Are you suffering from jaw pain, headaches, neck pain, and ear symptoms like pain, ringing in the ears, and dizziness? If so, then you might have a temporomandibular joint disorder (TMJ or sometimes TMD). TMJ is a jaw disorder, but its effects can be far-reaching and variable. So variable, in fact, that it’s common for doctors to misdiagnose TMJ as many things, and people don’t get relief from their symptoms.
If you suffer from symptoms in your head and neck that your doctor hasn’t been able to treat effectively, TMJ treatment might be the answer for you. To learn if it’s right for you, please call (619) 727-6633 or email Strober Dental for an appointment with a San Diego TMJ dentist.
TMJ CAUSES AND EFFECTS
In TMJ, the temporomandibular joints, may become inflamed from bite misalignment, teeth grinding (bruxism), external injury, arthritis, or other causes. The inflammation can set up a chain reaction of strained muscles in the face, neck, and head, sending pain signals through the associated nerves. We’re not always sure exactly which is the cause and which is the effect in TMJ, which is why it can be hard to treat.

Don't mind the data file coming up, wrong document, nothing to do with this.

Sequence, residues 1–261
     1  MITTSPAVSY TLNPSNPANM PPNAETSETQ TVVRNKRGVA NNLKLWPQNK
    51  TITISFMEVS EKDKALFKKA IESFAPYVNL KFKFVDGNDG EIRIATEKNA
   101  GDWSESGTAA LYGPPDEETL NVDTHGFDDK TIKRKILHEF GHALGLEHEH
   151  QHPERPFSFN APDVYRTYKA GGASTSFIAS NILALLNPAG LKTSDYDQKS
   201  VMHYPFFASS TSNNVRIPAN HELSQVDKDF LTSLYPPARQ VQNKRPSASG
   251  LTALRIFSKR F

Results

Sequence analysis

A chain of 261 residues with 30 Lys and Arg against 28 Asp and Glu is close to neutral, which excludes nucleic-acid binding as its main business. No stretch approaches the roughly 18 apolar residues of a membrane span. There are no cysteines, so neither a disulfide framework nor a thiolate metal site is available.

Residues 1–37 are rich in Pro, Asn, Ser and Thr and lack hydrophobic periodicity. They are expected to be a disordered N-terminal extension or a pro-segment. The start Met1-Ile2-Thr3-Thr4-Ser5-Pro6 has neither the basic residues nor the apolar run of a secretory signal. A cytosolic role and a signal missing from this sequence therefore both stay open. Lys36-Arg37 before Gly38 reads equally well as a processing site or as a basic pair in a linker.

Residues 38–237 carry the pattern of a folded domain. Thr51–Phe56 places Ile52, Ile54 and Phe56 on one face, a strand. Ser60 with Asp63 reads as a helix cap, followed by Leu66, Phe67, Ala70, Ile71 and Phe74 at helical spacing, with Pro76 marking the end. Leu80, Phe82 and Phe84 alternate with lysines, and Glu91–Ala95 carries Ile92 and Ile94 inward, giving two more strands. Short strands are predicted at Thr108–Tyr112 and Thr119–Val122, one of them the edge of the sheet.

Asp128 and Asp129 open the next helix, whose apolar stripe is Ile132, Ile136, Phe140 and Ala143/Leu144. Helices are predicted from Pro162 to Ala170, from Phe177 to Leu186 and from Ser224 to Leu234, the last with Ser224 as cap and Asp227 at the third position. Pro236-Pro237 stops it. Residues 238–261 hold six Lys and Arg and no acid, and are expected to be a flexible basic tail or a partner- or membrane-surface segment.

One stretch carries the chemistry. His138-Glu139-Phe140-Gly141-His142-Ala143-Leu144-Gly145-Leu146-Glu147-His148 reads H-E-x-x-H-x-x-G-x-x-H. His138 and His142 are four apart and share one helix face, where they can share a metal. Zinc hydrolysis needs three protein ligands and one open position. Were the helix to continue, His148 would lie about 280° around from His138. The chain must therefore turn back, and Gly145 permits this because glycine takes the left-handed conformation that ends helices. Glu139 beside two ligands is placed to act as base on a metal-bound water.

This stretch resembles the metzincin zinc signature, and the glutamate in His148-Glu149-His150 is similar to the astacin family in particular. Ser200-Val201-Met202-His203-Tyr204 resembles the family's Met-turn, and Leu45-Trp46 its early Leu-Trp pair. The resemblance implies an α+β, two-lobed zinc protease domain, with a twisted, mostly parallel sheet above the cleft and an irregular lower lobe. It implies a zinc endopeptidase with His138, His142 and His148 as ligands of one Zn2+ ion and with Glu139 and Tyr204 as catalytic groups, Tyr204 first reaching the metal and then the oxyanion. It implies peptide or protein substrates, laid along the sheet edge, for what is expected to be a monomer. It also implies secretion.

The pain can be intense, but Dr. Strober takes a proactive approach to TMJ treatment with neuromuscular dentistry. The goal is to provide as immediate relief as possible, then figure out the cause so relief can be made permanent.
Although about 30% of all Americans will experience TMJ at some point in their lives, most cases are mild and transitory and don’t require professional care. Thousands of patients nationwide suffer from chronic TMD / TMJ, whose symptoms can be disruptive, even disabling. Unfortunately, many people remain unaware that they are afflicted with TMD, as its symptoms are easily and frequently misdiagnosed by doctors.